NORWALK, Conn. – A former vice president of a publicly-traded company based in Stamford was sentenced Thursday by U.S. District Judge Alvin W. Thompson in Hartford to eight months of imprisonment followed by one year of supervised release for insider trading, authorities said.
According to court documents and statements made in court, Dennis W. Hamilton, 46, of Norwalk, was employed as vice president of tax at Harman International Industries in Stamford, a publicly-held company whose shares trade on the New York Stock Exchange.
Beginning in 2009, Harman allowed directors, members of its executive committee and other insiders to buy or sell Harman securities in the public market during a declared trading window.
In August 2013, Hamilton was included on Harman’s trading list, and was subsequently notified when the window in which he could engage in open market purchases of Harman securities was open.
He was also notified that all trades must be cleared in advance with Harman’s general counsel.
On Sept. 27, 2013, Hamilton and other Harman employees were advised via email that the window within which they were permitted to engage in open market purchases or sales of Harman securities had closed.
In October 2013, Hamilton received material, non-public information about Harman’s financial results for the first quarter for the fiscal year ending 2014, including drafts of Harman’s Form 10-Q filing and an earnings press release.
He and other Harman executives also participated in a conference call with Harman’s audit committee, during which a draft resolution declaring a quarterly cash dividend on Harman’s common stock was discussed.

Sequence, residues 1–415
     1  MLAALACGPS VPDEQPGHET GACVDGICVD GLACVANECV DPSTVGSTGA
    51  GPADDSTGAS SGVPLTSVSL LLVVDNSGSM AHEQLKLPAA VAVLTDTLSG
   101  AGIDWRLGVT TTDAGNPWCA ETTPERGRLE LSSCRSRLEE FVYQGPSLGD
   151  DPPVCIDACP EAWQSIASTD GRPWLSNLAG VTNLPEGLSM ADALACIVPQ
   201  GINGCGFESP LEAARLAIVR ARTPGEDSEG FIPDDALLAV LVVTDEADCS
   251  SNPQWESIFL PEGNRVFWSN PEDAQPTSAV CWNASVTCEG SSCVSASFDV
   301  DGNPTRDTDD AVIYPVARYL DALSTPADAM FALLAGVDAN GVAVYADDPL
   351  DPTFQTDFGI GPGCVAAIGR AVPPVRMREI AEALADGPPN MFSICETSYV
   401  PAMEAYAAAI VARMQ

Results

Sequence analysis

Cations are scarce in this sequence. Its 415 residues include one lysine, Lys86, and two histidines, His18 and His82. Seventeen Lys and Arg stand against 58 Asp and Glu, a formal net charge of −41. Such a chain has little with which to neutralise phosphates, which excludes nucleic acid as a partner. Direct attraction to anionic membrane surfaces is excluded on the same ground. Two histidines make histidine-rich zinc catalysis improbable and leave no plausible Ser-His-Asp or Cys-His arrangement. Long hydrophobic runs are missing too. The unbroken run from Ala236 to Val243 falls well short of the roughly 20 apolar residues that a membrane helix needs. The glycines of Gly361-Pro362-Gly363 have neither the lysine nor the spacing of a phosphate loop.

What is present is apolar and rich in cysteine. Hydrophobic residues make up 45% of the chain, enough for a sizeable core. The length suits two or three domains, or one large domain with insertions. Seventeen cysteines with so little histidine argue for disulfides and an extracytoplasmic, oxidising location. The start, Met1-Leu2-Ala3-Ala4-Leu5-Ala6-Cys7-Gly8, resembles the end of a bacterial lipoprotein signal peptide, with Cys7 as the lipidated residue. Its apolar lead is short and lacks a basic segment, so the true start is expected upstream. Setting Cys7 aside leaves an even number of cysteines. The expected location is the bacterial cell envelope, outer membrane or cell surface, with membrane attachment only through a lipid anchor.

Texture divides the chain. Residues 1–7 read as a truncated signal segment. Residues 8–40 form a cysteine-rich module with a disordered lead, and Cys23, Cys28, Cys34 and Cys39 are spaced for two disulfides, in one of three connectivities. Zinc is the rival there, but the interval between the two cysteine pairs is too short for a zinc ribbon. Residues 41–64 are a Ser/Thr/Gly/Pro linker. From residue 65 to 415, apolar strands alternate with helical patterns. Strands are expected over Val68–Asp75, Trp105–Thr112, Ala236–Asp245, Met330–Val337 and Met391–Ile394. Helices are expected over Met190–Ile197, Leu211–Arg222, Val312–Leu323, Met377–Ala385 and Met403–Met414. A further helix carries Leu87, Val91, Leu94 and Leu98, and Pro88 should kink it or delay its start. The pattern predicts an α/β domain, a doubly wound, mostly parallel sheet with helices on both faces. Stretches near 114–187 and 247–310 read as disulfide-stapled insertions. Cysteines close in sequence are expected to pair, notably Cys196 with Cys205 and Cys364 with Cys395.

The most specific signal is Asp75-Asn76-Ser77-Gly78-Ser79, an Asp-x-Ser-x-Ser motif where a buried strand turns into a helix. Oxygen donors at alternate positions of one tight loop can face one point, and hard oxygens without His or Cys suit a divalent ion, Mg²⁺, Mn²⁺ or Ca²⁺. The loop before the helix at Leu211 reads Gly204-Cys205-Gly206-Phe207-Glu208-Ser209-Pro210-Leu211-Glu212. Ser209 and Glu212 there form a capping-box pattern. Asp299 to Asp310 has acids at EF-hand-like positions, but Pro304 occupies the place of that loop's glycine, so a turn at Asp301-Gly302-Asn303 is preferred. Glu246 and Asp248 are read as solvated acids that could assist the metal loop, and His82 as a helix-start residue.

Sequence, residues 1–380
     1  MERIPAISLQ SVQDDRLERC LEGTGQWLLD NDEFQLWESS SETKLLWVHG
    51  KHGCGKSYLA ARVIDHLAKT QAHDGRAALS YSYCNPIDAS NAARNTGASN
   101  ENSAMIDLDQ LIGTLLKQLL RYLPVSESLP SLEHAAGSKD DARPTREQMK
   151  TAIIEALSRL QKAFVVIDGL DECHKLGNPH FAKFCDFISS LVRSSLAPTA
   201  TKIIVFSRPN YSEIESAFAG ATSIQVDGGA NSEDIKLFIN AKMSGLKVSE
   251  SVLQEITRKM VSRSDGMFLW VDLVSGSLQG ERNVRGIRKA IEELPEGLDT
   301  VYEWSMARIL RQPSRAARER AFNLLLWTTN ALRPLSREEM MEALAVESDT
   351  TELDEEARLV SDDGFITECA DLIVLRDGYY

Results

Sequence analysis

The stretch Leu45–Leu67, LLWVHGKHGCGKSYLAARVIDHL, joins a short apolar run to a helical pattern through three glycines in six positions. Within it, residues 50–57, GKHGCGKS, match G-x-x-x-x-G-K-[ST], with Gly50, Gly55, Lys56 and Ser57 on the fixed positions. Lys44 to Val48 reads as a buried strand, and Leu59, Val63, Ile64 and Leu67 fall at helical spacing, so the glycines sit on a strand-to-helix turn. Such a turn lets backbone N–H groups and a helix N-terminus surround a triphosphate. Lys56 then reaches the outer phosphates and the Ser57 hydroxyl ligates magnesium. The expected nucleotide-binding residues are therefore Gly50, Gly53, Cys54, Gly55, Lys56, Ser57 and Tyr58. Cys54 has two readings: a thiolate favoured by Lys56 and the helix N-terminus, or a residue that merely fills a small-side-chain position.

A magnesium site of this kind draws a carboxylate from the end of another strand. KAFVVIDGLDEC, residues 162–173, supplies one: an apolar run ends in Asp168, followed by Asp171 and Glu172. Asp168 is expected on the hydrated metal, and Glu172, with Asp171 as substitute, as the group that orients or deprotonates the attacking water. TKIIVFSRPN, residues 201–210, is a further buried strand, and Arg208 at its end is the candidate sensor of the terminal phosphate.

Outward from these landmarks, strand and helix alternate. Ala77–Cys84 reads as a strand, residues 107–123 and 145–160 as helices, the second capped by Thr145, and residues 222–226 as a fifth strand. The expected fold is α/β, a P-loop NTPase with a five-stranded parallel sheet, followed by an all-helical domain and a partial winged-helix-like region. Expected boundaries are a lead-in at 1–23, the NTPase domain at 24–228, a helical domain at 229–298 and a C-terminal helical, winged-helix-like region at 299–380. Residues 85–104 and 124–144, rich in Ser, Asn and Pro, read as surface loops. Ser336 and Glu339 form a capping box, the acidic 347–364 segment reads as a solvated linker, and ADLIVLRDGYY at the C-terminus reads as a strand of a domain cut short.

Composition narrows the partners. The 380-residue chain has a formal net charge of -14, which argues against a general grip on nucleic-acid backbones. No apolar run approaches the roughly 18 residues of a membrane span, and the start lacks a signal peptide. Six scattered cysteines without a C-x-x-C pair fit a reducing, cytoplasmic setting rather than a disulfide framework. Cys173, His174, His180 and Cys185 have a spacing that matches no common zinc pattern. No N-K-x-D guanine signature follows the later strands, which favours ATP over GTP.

On Oct. 30, 2013, Hamilton, now an insider in possession of material, non-public information, purchased 17,000 shares of Harman stock for between $72.07 and $72.67 per share, through a Charles Schwab account in the name of Hamilton and his wife, according to officials.
On Oct. 30, 2013, the closing price of Harman’s stock was $72.02. On Oct. 31, Harman announced positive first quarter earnings for fiscal year 2014. On that date, the closing price of its stock was $81.02.
Between Oct. 31 and Nov. 5, 2013, through his Charles Schwab account, Hamilton wrote at least 200 covered calls on Harman stock at a strike price of $70, with an expiration date of Nov. 16, 2013 for a premium of $203,366.
Through the use of some of these covered calls, Hamilton realized a gain of $131,958 on the 17,000 shares of Harman shares he had purchased on Oct. 30, 2013.
Hamilton was arrested on a criminal complaint on Feb. 5, 2016. He waived his right to indictment and pleaded guilty to one count of securities fraud on March 28, prosecutors said.
The investigation was conducted by the FBI, with assistance from Harman International Industries.
The case was prosecuted by Assistant U.S. Attorney Heather Cherry.
In a parallel action, the Securities and Exchange Commission has filed related civil charges against Hamilton, according to officials.